Presidential tribute
 
Nicolas Sarkozy, France's president, paid tribute to Ponticelli and said a national commemoration to all of France's participants in the war would be held in the coming days.
 
Sarkozy said: "I express today the profound emotion and infinite sadness of the whole of the nation at the death of Lazare Ponticelli, last survivor of the French combatants of the First World War."

Ponticelli, who described war as "idiotic", had initially refused an offer of a state funeral made by Jacques Chirac, the former president, saying it would be an insult to the men who had died without commemoration.

However, he relented after Cazenave's death, saying he would accept a simple ceremony "in homage to my comrades".

Ponticelli's death severs the last living link with a conflict whose traces can still be seen in war memorials in nearly every town and village in France.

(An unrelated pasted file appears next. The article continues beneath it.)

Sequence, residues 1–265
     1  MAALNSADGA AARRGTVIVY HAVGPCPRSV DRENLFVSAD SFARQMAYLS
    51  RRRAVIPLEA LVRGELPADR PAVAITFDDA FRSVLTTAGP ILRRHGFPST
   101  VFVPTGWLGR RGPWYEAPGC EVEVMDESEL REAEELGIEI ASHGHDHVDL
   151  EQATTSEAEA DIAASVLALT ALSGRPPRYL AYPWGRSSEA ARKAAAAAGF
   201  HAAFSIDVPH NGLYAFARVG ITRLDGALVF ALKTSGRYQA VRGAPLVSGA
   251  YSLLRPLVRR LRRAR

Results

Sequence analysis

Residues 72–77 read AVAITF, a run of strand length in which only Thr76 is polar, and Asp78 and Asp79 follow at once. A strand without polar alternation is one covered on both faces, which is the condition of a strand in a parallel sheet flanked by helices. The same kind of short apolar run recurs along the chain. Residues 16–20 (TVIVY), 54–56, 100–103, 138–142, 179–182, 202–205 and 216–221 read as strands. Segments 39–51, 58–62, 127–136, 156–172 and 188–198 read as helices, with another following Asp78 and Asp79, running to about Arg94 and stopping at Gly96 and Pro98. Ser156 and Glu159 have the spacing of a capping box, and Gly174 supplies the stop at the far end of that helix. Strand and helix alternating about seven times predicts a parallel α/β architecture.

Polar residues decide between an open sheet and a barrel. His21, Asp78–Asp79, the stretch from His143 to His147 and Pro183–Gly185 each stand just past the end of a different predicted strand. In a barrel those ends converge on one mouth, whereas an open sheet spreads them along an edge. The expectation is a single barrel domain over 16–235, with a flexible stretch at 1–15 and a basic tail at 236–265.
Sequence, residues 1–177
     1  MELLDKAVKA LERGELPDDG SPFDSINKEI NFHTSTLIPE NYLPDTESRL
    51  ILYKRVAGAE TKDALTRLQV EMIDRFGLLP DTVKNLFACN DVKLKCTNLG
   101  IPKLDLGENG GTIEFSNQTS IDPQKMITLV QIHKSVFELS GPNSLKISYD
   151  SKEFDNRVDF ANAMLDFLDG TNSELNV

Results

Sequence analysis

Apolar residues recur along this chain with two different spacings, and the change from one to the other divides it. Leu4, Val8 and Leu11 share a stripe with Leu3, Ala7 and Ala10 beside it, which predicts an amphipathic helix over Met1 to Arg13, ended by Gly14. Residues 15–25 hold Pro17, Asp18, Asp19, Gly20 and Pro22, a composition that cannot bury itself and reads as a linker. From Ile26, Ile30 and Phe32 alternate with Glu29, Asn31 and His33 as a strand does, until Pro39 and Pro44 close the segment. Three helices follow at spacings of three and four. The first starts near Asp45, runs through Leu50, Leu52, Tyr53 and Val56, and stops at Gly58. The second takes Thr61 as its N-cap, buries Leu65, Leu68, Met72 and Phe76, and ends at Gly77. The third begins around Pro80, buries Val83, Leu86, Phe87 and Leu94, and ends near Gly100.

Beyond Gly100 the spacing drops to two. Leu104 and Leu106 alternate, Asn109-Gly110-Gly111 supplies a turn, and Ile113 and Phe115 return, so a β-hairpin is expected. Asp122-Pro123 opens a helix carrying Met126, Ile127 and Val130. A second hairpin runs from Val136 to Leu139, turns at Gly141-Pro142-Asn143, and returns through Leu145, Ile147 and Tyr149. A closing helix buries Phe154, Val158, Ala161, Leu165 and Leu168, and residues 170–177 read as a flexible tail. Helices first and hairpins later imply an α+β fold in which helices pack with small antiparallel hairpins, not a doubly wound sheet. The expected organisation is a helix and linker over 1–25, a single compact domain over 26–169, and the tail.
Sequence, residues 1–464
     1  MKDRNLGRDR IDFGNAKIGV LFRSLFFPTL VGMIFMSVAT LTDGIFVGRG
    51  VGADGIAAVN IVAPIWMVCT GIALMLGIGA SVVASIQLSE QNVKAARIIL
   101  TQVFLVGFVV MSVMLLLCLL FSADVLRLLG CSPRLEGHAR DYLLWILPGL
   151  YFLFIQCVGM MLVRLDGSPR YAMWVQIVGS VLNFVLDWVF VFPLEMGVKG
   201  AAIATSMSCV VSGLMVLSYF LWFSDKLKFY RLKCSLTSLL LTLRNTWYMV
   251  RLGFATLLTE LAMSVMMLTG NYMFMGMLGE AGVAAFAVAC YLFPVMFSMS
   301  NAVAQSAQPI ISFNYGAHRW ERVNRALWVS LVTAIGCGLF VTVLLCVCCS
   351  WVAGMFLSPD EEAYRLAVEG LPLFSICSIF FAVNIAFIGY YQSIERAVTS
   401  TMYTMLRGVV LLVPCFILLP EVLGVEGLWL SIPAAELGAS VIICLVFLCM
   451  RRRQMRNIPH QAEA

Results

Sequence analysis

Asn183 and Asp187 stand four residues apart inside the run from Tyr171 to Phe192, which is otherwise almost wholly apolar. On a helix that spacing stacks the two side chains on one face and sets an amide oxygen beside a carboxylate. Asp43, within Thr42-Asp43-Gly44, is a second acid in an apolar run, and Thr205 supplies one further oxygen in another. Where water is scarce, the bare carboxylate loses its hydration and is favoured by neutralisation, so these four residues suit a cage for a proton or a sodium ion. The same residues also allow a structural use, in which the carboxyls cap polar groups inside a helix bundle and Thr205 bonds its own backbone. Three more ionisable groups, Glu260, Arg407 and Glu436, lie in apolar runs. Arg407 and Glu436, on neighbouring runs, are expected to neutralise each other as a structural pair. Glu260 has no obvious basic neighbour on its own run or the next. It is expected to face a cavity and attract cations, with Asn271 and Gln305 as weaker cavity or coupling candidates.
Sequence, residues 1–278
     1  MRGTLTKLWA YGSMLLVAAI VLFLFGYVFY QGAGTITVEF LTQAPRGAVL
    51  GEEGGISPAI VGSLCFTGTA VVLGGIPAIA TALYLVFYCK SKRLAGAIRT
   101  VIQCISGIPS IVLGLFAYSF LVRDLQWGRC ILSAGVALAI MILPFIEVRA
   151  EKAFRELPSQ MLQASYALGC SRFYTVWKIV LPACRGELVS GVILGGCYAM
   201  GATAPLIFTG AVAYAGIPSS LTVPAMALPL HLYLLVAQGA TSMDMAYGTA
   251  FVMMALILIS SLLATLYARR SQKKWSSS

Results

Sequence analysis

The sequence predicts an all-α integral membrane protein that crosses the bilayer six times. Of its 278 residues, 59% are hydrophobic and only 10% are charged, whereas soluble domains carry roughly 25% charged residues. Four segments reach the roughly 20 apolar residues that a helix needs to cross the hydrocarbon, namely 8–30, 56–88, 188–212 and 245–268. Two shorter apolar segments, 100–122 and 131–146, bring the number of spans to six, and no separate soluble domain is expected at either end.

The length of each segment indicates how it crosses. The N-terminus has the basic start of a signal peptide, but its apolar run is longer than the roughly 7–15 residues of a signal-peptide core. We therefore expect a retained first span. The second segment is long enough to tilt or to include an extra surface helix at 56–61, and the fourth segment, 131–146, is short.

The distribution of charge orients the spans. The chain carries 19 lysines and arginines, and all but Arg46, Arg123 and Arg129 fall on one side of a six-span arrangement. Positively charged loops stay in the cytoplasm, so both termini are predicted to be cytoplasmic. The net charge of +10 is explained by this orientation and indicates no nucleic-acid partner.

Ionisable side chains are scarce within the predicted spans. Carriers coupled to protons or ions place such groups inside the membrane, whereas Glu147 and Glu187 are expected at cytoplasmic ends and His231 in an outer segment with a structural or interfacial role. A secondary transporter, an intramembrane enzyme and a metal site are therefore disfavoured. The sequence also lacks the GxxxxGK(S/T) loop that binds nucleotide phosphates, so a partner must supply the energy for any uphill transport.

In a war fought largely on their home soil, some 8.4 million French soldiers served and about 1.3 million were killed in battles that transformed place names such as Verdun into by-words for horror and suffering.

Ninety years later, the Great War "poilu" in his sky-blue uniform still occupies a special place in the French imagination.

Chimney sweep

Ponticelli was born into a poor family on December 7, 1897, in the northern Italian town of Bettola and came to France as a nine-year-old, walking part of the way to save money.

He worked as a chimney sweep and newspaper boy before enlisting in the Foreign Legion when war broke out, saying later it was "a way of thanking" the country that had fed him.

He served at Soissons in Picardy, the Argonne region of north-east France and at Douaumont, near Verdun, on one occasion rescuing a wounded German and a wounded French soldier caught between the front lines.

Ponticelli took French citizenship in 1939, settling in the working class Paris suburb of Kremlin Bicetre, where he regulaly attended November 11 Armistice Day ceremonies.

"I was in all sorts of danger, during the war and at other times as well. We were all going to die," he said at an Armistice Day ceremony in 2007.